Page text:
Onota Lake at Burbank Park in Pittsfield: Located on the eastern shore of Onota Lake, Burbank Park is open year-round. The public park is about 150 acres and offers a fishing pier and free public boat launch, picnic groves with grills, a public swimming beach with lifeguards during July and August and a walking path along the lake.
July 17th, 2013 by Katie Pate
The Housatonic River starts from four sources in the Berkshire mountains near the city of Pittsfield. It flows 149 miles southward through Massachusetts and Connecticut before emptying into the Long Island Sound.
Fishing is a major activity along the entire length of the river. Trout, bass, and perch are the most common catches. Enjoy some of the best fly fishing in southwestern Massachusetts. Fly fishing on the river has been compared with many western rivers and boasts some of the finest trophy trout fishing in the eastern US.
One of the most popular spots for fishing the Housatonic River is between the Falls Village Dam and the town of Cornwall Bridge in Litchfield County Connecticut, about an hour north of the Bed and Breakfast. However, there are local waters where excellent trout fishing takes place.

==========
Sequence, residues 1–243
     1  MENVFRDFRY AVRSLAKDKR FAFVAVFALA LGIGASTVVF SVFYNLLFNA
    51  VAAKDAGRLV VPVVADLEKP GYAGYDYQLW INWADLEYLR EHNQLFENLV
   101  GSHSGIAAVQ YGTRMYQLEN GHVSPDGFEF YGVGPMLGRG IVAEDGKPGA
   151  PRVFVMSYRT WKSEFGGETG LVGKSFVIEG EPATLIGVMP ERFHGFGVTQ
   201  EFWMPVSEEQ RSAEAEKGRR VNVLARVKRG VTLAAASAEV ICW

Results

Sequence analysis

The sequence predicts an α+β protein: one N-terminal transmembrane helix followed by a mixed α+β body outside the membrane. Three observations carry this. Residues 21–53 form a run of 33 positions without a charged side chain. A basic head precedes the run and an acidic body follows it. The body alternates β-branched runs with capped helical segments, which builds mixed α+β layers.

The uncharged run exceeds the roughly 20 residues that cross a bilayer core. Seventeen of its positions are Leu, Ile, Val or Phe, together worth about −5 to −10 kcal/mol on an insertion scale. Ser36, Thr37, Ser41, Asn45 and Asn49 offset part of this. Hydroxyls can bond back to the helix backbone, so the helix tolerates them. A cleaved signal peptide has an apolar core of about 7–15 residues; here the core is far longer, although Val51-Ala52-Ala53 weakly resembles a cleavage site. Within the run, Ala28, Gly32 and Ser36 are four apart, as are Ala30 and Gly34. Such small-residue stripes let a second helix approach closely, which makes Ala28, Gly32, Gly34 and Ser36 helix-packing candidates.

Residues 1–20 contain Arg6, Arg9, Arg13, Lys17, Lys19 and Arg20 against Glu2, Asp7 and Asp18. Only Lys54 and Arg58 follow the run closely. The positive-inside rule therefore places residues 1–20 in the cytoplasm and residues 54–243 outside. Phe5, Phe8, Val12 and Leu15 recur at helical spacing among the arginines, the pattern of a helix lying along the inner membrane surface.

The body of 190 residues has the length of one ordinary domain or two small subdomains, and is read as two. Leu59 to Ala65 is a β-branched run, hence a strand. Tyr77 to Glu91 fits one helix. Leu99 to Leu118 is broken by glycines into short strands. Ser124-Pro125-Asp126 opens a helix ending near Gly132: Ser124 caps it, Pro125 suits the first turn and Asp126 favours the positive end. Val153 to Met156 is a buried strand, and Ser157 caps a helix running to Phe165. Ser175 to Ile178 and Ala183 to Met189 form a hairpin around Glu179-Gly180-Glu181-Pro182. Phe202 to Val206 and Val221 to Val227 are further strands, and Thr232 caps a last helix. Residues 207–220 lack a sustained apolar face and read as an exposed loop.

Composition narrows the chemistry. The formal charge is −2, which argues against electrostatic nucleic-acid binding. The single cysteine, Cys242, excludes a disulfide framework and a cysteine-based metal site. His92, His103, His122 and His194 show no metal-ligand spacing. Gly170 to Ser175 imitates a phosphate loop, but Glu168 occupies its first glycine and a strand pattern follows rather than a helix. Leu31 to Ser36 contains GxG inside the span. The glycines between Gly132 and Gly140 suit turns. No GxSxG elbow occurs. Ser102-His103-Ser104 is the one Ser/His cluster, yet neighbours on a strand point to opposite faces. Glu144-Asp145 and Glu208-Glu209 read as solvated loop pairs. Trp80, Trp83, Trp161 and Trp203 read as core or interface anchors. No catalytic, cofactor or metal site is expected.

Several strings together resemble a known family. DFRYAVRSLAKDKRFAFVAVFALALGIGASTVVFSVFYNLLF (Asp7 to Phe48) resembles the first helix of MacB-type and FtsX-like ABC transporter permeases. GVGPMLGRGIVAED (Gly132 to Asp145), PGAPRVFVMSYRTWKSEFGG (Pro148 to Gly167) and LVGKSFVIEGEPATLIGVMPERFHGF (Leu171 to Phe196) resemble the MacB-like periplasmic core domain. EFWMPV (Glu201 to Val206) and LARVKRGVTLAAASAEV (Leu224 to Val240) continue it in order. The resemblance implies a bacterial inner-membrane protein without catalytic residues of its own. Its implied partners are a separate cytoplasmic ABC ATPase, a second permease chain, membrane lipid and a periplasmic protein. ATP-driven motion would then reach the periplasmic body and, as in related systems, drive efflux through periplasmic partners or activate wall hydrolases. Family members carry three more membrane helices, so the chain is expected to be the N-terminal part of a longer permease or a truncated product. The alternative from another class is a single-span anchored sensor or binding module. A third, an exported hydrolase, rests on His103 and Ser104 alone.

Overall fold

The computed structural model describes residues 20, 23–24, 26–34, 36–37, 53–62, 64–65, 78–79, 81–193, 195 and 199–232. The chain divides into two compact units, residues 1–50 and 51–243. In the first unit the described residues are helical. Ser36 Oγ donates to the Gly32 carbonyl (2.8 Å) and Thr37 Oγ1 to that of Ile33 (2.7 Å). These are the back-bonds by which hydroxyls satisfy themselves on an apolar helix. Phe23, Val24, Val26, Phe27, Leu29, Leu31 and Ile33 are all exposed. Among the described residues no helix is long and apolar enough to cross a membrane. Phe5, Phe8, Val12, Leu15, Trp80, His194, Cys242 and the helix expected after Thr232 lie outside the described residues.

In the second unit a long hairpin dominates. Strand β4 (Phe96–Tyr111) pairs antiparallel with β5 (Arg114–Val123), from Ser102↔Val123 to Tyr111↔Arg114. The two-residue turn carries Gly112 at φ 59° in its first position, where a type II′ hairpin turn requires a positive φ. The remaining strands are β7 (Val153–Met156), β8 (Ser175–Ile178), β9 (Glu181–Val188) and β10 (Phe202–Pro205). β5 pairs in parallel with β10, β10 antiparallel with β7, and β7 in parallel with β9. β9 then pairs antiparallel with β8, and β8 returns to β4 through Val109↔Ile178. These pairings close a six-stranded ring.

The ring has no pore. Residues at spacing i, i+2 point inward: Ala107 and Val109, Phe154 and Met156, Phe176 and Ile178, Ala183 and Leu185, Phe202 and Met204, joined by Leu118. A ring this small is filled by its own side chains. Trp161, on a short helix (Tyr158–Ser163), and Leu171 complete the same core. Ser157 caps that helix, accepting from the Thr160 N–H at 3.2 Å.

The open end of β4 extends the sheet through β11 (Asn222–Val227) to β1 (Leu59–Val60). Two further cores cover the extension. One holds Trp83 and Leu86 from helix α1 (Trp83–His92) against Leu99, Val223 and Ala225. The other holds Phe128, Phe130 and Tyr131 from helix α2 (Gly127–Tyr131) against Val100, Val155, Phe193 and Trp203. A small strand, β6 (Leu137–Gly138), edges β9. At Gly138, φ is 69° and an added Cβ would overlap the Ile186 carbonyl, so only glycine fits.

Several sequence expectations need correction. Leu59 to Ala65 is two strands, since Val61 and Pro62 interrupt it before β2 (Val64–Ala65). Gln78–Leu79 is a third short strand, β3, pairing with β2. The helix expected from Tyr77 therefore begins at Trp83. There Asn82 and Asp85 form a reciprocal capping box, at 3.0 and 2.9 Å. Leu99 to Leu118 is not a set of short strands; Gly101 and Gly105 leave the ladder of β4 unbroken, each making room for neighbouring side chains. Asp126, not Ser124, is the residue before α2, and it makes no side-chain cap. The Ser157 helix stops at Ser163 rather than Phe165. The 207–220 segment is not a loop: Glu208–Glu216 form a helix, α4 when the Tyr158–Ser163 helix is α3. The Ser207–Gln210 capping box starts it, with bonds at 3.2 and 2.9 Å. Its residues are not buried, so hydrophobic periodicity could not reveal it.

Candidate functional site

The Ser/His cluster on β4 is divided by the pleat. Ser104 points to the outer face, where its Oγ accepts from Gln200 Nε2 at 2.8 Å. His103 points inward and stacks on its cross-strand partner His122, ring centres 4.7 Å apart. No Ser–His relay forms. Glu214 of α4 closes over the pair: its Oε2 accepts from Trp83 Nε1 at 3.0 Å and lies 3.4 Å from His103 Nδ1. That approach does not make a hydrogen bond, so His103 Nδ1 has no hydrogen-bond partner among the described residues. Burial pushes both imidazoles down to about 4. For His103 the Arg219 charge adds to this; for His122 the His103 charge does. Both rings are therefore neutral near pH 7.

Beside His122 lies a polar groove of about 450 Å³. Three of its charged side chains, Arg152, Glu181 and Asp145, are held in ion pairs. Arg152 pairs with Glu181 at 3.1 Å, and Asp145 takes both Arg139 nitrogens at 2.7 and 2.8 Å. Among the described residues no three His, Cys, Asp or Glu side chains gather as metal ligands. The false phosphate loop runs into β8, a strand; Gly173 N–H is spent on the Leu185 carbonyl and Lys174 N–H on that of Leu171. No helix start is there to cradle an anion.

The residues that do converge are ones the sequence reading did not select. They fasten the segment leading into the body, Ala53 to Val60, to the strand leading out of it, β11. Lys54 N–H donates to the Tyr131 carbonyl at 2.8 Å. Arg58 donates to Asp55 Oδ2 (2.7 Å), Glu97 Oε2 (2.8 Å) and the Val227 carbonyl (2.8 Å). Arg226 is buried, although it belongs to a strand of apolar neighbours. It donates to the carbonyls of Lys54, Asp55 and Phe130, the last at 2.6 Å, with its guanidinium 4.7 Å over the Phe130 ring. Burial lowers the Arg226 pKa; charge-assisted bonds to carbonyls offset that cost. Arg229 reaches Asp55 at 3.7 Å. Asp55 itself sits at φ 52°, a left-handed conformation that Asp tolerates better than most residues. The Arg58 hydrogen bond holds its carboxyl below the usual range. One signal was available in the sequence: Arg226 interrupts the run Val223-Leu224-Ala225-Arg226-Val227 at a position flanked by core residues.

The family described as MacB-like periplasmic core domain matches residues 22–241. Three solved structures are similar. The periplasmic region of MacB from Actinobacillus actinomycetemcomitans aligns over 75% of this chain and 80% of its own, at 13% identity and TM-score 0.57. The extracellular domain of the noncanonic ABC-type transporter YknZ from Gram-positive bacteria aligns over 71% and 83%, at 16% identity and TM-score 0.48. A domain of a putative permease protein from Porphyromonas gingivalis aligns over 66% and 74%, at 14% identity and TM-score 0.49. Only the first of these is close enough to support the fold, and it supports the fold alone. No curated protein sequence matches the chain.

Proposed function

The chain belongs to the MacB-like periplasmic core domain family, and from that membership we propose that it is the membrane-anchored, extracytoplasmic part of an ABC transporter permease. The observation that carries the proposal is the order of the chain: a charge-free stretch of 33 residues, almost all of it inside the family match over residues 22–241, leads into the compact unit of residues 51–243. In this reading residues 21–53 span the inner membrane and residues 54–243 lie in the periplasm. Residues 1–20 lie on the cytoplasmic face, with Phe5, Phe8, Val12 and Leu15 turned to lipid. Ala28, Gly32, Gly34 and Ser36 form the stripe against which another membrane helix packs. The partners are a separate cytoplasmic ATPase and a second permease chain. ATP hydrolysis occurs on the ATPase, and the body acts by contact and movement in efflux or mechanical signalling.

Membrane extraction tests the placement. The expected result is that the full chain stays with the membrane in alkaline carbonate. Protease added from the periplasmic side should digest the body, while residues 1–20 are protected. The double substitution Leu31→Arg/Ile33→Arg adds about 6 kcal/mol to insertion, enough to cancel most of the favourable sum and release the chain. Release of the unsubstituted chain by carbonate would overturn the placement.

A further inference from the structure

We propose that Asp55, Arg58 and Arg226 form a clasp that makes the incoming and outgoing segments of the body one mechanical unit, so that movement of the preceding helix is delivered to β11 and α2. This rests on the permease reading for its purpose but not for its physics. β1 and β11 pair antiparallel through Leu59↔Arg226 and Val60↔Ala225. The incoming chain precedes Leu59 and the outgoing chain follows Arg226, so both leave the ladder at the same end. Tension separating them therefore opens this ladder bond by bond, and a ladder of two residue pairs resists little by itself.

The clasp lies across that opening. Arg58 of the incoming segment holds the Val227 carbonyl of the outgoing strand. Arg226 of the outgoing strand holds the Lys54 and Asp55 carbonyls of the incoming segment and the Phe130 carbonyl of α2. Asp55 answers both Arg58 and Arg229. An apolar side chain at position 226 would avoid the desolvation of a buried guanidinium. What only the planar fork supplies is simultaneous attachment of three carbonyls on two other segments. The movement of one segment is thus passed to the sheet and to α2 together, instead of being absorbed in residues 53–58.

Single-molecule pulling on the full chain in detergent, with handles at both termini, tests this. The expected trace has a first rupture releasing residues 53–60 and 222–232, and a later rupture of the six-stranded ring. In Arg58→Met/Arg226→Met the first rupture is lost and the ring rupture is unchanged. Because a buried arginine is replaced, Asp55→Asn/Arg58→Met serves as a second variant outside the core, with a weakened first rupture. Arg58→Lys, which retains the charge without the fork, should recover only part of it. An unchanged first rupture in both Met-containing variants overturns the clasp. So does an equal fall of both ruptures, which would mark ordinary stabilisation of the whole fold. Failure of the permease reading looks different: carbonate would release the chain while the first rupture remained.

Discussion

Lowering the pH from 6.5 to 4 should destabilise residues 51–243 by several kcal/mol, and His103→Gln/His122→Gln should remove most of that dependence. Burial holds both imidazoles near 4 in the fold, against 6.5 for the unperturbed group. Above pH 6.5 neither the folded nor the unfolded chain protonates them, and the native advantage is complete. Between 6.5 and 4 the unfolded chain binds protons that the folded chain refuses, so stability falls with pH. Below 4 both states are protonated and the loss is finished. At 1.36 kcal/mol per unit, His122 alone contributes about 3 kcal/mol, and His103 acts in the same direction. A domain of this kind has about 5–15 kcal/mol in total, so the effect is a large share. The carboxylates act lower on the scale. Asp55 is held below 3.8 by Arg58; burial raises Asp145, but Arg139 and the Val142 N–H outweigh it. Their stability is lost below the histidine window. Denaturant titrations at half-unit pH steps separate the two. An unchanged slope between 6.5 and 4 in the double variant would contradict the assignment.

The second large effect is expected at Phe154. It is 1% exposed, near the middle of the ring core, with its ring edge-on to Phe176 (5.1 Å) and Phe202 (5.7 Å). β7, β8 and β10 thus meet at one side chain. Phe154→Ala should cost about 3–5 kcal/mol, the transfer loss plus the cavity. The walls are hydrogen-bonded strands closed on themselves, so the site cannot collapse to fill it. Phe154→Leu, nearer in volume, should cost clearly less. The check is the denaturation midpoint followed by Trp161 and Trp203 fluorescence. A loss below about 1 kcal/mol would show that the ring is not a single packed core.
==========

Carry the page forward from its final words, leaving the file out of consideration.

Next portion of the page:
In Berkshire’s waters find large and small mouth bass, northern pike, white and yellow perch and trout of all varieties in abundance. Numerous brooks, rivers, ponds, and lakes are stocked with trout each year. Here are some of our favorite Berkshires fishing spots:
In Lee ~
- Beartown Brook (west branch)
- Hop Brook
- Goose Pond
- Greenwater Brook
- Laurel Lake
- Washington Mountain Brook
In Lenox ~
- Sawmill Brook
- Marsh Brook
- Yokum Brook
- Laurel Lake
In Stockbridge ~
- Marsh Brook
- Stockbridge Bowl
An essential ingredient for any fishing trip is a free pamphlet containing abstracts of the Massachusetts Fish and Wildlife Laws, available at local sporting goods shops. This pamphlet carefully outlines the rules and regulations of Massachusetts fishing and hunting. Also essential is a license, which can be obtained through either city or town clerks or through many local sporting goods stores.
Lodging for your Weekend in the Berkshires